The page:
Collaterals see great litmus tests to flag toxic abnormality in your health. Feel safe to take stock in their advice and concern very seriously. Sure, no clinician or friend can get a perfect read on our health. But for those of you without a great deal of self-awareness or drive to look after yourself, there are still options and strategies to stay healthy without relying entirely on your own devices. Indeed, not everyone cares enough about their health to self-monitor all the time.

Self awareness

The priority of the day is the most disruptive. Regardless of diagnosis people need to consider the quality of their own mental status and take charge of their health. Being in tune with your health is the best way to maintain good mental health and reduce the likelihood of relapse.

Plan ‘B”

Have a plan “B”. When your self-care takes a back seat to the priorities of life, working towards good mental health might mean leaning on a friend or family member for help. A second more short-term plan can always be handing out responsibilities or delegating.

Self-management

Autonomy and self management go hand in hand. Managing your mental health and being independent requires having a plan. It also means when plan “a” falls through have a backup plan. Ultimately, whether you have a chronic condition or an acute diagnosis, relapse is only to be feared when you aren’t doing what you need to do to work towards better health and healing.

Relapse

Relapse is awful. But it isn’t the end of the world. Relapsing and experiencing the renewal of old symptoms can still remind you to get back on track with your recovery. Keep going! Don’t stop! When you stop taking care of yourself, be prepared for your worst fears not just to haunt you but become the grim reality you feared so vehemently instead of investing the same mental energy in health and healing.

About the Author

J. Peters

J. Peters is the Editor-in-Chief of Mental Health Affairs.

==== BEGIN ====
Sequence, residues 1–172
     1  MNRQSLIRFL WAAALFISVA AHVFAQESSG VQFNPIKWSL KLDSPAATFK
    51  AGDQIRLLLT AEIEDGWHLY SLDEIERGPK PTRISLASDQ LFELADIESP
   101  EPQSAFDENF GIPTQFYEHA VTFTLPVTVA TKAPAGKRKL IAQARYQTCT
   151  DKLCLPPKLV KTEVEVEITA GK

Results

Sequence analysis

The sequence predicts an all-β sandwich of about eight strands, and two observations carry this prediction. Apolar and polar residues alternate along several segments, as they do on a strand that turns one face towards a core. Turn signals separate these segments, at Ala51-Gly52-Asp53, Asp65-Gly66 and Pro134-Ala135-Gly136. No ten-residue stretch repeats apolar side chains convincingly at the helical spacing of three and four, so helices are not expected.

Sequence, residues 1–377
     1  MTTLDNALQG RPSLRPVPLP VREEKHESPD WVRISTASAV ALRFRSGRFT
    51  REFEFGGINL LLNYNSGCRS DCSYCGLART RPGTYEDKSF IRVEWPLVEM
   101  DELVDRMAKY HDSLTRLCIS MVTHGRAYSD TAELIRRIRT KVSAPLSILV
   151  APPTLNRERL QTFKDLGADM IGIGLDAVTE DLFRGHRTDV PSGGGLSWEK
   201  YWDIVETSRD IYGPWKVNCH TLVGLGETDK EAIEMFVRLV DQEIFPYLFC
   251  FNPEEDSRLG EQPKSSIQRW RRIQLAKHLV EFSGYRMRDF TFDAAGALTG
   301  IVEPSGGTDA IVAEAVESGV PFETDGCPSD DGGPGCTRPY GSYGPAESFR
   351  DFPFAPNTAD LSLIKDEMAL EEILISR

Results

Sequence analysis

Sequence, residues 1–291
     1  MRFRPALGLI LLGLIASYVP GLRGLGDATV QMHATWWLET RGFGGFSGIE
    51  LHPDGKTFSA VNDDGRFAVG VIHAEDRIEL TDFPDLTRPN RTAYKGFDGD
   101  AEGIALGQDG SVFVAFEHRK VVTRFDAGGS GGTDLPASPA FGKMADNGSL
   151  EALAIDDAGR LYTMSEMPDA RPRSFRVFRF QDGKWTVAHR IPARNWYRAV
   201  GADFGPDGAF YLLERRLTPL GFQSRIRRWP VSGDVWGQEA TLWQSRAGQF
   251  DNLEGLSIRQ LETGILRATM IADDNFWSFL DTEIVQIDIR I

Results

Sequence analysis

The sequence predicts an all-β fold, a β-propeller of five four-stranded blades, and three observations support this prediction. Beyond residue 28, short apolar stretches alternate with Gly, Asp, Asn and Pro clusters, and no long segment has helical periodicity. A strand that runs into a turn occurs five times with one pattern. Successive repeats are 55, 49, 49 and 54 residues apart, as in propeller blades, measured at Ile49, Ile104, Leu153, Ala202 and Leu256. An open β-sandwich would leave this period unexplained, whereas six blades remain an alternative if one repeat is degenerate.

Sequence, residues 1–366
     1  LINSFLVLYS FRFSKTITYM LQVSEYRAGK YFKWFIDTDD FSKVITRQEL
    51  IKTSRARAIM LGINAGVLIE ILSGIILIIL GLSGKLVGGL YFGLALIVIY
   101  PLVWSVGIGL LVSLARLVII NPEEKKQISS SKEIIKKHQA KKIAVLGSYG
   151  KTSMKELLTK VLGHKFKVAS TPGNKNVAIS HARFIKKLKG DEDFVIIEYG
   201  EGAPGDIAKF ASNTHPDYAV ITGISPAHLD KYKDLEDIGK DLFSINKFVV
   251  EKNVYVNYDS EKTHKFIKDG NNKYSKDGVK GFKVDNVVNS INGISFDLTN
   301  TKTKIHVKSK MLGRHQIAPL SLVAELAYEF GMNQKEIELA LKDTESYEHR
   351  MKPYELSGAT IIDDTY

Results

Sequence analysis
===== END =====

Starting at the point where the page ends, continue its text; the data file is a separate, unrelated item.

Award-winning book author and Bold 10 Under ten award recipient J. Peters, LCSW. Through his work as a Licensed Clinical Social Worker. Mental health therapist and disability rights advocate Mr. Peters fights for those without a voice in various care systems, such as the New York City Department of Social Services, the New York State Office of Mental Health, or the city's Department of Corrections.

Mr. Peter's battle with Schizophrenia began at New London University in his last semester of college. Discharged from Greater Liberty State Hospital Center in July 2008, Jacque's recovery was swift but not painless and indeed brutal after spending six months there.

He has published several journal articles on recovery and mental health and three books: University on Watch, Small Fingernails, and Wales High School. He is also a board member of the newspaper City Voices. Mr. Peters currently sits on the CAB committee (Consumer Advisory Board) for the Department of Mental Health and Hygiene in NYC and the Office of Mental Health (OMH) as a peer advocate.

Owner of Recovery Now in New York, a private psychotherapy practice, Mr. Peter's approach is rooted in a foundation of evidence-based practices (EBP). Jacques earned a master's degree in Social Work from Binghamton University and worked as a field instructor for master's and bachelor's level students in NYC.

He is blogging daily on his site mentalhealthaffairs.blog, Mr. Peters regularly writes articles relating to his lived experience with a mental health diagnosis.